“We don’t have much time left,” the pilot called.

“A few more minutes. The current was strong but steady,” she replied. “They have to be somewhere around here.”

Before the last word even dissipated in the rotor wash, Teresa’s second spotter tapped her shoulder.

“Over there!”

Teresa turned just in time to see a glint of yellow roll down the backside of a wave. She took a deep breath and willed one or more people to be attached to the chute. This wouldn’t be like the last fiasco. There was no way she would leave people to die like she had on her last flight.

* * * * *

A flurry of fish roiled the water around the chute as Jocelyn’s vomit dispersed on the current. She wondered if there could be much left in her stomach as she hadn’t eater much more than a canister of Pringles since the airport.

Her tongue could feel her lips as they pruned from the salt. The light was only now cresting above the horizon, so she couldn’t have been out too long, but those lungs full of brine hadn’t helped.

And the only thing she wanted more than a bottle of water was a blanket.

“Oh, to be warm again,” she thought to herself. “Snug in bed or under a throw in front of a fire.”

Jocelyn felt a sudden downdraft, which sent a wracking chill through her, and caught a furtive movement and splash to one side.

Shark!

Something was moving toward her in the water. Something big and dark.

Jocelyn did what she could to move from the edge of the chute, but all that accomplished was to sink the middle, filling it with icy water.

She considered her rubberized platform and quickly surmised whatever was approaching could easily puncture the chute, submitting her to the ocean’s swells and its own appetites.

Her terror pounded in her head, pulsating as the downdraft continued.

* * * * *

Teresa manned the lift herself, hauling the woman achingly toward the hovering helicopter, knowing she’d repeat the process with the rescue diver. Step one, however, was getting the woman stabilized and hydrated.

* * * * *

Jocelyn felt as though she were an angel ascending to heaven, although her real angels were above her and still down in the water.

She was serene, at peace, and oh so tired. But she wasn’t about to release her grip on the guide wire, despite the pain in her left palm where her grip was embedding the keychain into her flesh.

If you looked really closely at her palm—even months later—you could just make out the faintest of words: Best Daddy.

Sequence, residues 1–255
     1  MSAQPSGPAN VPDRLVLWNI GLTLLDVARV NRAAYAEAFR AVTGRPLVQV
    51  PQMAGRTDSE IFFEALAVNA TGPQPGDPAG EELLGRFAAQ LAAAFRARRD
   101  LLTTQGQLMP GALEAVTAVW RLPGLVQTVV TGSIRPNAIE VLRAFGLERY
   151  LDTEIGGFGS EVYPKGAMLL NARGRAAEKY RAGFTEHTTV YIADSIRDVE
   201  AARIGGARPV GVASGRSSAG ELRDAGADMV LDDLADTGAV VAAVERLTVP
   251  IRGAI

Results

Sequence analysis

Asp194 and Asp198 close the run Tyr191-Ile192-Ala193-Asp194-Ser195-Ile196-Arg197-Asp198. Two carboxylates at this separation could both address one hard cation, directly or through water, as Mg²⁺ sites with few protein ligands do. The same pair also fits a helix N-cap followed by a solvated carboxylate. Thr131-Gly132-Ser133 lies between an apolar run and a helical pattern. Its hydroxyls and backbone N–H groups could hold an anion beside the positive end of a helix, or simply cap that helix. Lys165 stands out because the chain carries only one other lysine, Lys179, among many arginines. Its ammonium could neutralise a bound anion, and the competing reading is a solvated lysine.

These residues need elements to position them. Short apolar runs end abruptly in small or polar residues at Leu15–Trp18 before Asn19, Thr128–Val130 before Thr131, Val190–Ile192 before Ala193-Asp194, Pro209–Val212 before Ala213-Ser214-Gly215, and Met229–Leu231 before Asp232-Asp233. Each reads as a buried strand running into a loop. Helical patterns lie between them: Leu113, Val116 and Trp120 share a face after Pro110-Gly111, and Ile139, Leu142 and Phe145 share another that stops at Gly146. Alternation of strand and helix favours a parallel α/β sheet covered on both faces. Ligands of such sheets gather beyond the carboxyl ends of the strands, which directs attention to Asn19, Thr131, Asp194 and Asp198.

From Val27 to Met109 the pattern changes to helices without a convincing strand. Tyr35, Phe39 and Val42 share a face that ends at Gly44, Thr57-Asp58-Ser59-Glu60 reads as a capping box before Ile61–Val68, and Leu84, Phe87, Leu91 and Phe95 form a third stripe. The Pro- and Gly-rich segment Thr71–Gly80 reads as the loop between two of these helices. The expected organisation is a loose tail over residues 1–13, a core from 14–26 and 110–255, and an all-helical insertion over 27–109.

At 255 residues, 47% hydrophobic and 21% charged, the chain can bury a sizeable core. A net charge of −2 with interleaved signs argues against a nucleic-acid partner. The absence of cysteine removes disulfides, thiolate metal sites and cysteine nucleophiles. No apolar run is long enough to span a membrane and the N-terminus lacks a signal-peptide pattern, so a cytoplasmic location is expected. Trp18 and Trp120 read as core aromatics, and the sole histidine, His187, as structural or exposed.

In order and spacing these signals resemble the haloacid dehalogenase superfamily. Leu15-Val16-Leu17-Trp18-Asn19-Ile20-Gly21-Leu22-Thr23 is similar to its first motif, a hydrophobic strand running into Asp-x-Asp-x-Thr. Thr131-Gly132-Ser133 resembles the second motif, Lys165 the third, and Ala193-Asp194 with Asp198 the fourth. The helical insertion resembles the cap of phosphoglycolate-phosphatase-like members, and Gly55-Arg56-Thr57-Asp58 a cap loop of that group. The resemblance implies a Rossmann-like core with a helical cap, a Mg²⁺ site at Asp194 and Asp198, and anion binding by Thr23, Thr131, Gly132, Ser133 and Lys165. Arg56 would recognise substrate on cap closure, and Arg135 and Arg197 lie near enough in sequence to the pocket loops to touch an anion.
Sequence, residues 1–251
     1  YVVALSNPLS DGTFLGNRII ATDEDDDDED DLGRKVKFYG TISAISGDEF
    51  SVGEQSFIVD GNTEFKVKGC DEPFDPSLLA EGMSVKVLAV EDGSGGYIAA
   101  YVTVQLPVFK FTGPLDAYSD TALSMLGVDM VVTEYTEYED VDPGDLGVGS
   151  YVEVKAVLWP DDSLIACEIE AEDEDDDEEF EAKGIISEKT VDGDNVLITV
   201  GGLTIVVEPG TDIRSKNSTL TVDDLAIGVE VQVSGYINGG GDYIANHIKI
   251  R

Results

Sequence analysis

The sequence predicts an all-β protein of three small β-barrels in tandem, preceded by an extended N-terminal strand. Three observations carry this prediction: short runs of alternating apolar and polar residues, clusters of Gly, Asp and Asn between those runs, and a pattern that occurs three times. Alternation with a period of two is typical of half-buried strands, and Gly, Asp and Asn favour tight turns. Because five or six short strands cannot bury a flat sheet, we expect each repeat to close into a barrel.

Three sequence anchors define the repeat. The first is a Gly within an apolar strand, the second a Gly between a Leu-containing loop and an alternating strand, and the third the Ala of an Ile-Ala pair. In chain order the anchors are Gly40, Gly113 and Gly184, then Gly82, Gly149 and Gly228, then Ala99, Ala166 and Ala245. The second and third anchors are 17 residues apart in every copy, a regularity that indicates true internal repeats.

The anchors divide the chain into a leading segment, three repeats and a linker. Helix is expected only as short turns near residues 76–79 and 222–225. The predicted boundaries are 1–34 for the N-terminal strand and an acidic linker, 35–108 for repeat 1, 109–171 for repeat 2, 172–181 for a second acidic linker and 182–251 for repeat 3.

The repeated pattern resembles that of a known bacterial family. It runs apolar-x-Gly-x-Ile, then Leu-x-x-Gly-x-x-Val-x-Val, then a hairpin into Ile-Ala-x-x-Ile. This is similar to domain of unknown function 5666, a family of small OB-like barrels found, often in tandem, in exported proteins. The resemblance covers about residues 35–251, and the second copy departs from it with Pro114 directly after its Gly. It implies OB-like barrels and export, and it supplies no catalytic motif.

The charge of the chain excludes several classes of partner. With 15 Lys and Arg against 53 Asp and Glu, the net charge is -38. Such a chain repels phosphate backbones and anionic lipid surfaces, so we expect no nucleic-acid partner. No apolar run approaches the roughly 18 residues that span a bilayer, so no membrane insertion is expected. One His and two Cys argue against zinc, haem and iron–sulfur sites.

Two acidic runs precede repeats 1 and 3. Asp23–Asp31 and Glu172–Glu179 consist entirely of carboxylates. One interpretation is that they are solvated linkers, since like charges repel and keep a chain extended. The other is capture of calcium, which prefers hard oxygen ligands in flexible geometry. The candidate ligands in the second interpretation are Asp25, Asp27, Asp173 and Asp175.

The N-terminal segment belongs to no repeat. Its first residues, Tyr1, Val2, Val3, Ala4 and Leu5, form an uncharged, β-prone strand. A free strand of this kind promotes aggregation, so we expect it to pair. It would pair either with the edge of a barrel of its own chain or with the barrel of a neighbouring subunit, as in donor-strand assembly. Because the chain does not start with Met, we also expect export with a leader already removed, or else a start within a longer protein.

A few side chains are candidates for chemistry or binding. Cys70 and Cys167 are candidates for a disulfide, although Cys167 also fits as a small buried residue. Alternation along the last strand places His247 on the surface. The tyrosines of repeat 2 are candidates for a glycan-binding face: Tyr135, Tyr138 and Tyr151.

Jocelyn was marked for life.

(Images is property of owner and is used here without permission because I float that way)

Flight (part one)

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His shoulder kept throbbing and it seemed there was nothing he could do about it. He wanted little more than to sleep, the flight to New York having left ridiculously early and his sales meeting having ended quite late, if you call a cab ride from bar to airport ending.

Terry’s body wasn’t as young as it used to be and he seriously started to wonder if 32 years in sales was 2 years too many. The awards that lined his shelves said no. Salesman of the Year. Millionaires Club. Best Daddy.

The last one had come from his daughter Ronny almost 25 years ago and it was the one he cherished most, perhaps because it helped him forget that it was a lie. Terry had been a terrible father and an even worse husband, but no one could say he’d been a bad provider. The family wanted for nothing, save perhaps for time with Terry.

He tried to convince himself that he’d spent so much time on the road for them, but he knew better. He wasn’t cut out to a husband or a father, the marriage had been a mistake of hormones and responsibility.

Terry looked up to see the flight attendant awaiting a response. Apparently, he had zoned out.

“Can I offer you a beverage?” she repeated, her smiling eyes betraying no sense of impatience. She would wait for him as though she had nowhere else to be.

“Coffee, please. Black, no sugar.”

“Certainly, sir.”

Terry watched her as she located the carafe on the cart, the way she slid the cup from its tray. Her hands were delicate but purposeful.

Her hair was short, brown, tucked behind her ear to expose the tiniest stud earring. Just a hint of down along her jawline and the back of her neck, which was paler than her face. She’d recently worn her hair longer.

Just a touch of makeup, to accentuate rather than disguise.

Rather than let her place the cup on his tray, Terry took it from her, his fingertips grazing the backs of her fingers as the weight shifted from her hands to his.

She smiled at him as she released the cup and quickly followed with a tray of biscotti. Terry took two, despite abhorring the stone-like biscuits.